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West envious of China’s influence in UgandaPublish Date: Feb 09, 2014
West envious of China’s influence in Uganda
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Prime Minister Amama Mbabazi with Li Yuanchao (right) during their meeting in Beijing
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By Innocent Anguyo

“Scores of rich countries especially those in the west are envious of China’s budding influence in Uganda and largely Africa wielded through soft power displayed by aid without strings attached and robust investments.”


These were the words of renowned Makerere University political science scholar Prof Sabiti Makara uttered on the sidelines of a discussion on China’s engagement in Africa held at Protea Hotel, Kampala on Thursday.

Soft power is a concept developed by Prof Joseph Nye of Harvard University to describe the ability to attract and co-opt rather than coerce, use force or give money as a means of persuasion. For Nye, power is the ability to influence the behavior of others to get the outcomes you want.

In his 2004 book, Soft Power: The Means to Success in World Politics, Soft power, Nye says is able to attract or repel other actors to "want what you want" when it is exercised through what he calls the “primary currencies” such as values, culture, policies and institutions.

Makara identified other manifestations of soft power used by China in Uganda as cultural ties, scholarships, donations, low-interest loans and grants, trade concessions, exchange visits, collaborative researches and respect of sovereignty.

 “China’s relation with Uganda is based on mutual respect. This has made China a leading partner of Uganda. Optimists see strong business ties between the two countries boosted by President Yoweri Museveni’s close relations with Chinese political leadership. Other powers are envious of this,” said Makara.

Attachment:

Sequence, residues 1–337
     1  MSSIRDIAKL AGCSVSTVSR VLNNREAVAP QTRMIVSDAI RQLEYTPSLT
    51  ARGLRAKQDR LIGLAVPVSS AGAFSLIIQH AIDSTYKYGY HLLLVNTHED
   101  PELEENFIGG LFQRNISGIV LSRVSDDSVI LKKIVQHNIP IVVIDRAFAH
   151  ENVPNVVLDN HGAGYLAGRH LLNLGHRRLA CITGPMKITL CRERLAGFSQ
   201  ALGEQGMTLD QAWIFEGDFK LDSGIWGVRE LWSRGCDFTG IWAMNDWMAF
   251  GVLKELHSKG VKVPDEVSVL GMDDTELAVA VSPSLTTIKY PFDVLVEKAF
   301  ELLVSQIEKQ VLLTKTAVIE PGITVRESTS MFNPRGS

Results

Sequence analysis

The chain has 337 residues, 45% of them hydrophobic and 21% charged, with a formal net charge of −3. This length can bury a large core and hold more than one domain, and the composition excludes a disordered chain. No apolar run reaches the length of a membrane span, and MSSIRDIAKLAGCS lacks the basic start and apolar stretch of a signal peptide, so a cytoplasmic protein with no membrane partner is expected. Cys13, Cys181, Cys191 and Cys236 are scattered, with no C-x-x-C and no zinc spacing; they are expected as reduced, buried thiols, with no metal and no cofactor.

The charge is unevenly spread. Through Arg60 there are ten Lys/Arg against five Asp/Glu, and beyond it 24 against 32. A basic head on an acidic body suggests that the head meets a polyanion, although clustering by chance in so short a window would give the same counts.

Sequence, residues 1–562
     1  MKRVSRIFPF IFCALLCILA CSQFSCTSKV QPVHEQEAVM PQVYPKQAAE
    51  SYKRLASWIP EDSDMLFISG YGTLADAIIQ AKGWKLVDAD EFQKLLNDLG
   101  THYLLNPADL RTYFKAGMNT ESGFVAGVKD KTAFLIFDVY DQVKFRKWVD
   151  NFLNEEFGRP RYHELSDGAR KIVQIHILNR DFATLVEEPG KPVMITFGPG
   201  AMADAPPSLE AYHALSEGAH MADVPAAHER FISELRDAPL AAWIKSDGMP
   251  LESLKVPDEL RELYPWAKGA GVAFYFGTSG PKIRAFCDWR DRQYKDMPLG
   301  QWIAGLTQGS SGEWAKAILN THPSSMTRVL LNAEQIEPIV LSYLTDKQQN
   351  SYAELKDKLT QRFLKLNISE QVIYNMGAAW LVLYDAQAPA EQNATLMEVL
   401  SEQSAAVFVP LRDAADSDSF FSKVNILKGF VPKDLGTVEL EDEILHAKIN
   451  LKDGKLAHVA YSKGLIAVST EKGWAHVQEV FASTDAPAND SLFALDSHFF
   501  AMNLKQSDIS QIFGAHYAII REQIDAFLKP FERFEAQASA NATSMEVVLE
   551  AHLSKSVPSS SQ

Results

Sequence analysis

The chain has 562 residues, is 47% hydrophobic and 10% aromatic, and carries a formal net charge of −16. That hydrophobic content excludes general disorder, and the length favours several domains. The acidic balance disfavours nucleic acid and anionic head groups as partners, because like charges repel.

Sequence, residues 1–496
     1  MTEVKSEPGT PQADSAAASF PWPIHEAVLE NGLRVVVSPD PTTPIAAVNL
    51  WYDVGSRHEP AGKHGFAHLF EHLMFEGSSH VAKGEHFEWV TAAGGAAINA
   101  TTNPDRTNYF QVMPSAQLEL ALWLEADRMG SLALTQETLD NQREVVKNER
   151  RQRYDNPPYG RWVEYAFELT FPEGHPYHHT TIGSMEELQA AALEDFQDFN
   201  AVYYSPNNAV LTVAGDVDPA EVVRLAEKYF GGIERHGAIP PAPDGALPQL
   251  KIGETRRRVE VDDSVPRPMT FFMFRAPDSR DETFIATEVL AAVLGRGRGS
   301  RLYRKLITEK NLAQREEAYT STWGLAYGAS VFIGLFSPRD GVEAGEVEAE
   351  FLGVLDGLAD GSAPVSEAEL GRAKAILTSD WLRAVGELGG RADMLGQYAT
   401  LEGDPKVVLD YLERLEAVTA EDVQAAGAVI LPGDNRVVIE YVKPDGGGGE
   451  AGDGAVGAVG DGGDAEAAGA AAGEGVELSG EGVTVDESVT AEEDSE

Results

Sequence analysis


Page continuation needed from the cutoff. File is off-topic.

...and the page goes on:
Of course, China’s footprints are visible allover Uganda. In recent years, China has funded huge projects which include construction of: the Karuma, Isimba and Ayago dams; the Kampala-Entebbe Expressway; the Twin offices for the President and Prime Minister; China-Uganda Friendship hospital at Naguru among others.

The most notable test to Sino-Uganda relations was when a number of Western countries cut aid to Uganda over the corruption scandal in the Office of the Prime Minister.

One of the leading donors to Uganda, China was expected to equally freeze support to the country, but it never came to pass.

Prof. Makara said unlike hard power at times displayed through military might, historically preferred by some Western countries, China’s soft approach to ties with Uganda has won the hearts of Uganda’s leadership.

Makara was fast to note that the economic cooperation between Uganda and China has developed smoothly.  He said, in 2014 alone, the amount of Chinese investments in Uganda is projected to reach$683million. At the beginning of 2013 it was $596 million.

Owing to the improved ties between the two countries, 95% of Uganda’s exports have been entering the Chinese market with no customs duty and other tariff.

The Chinese Ambassador to Uganda, Zhao Yali says, by September 2013, 360 Chinese companies had established bases in Uganda, investing about $1.02b; thereby creating 48,000 jobs for Ugandans.

Moreover, China’s influence in Uganda transcends the boundary of trade. Under the framework of South-South Cooperation Programme, last year, 22 agricultural experts from China came to Uganda and brought advanced technologies and skills to promote agricultural development in Uganda.

On top of high level exchange visits, travelling between the two counties has grown tremendously in the last few years.

According to a paper jointly produced by Prof Makara and Prof Goretti Linda Nassanga of the Makerere Journalism department, last year the Chinese Embassy issued 10,000 visas to Ugandans, while at the same time thousands of Chinese people came to Uganda.

It has further emerged that, in October 2012, the first group of 15 Chinese youth volunteers came to Uganda and carried out one-year mission focused on sports, Chinese language teaching and aquaculture.

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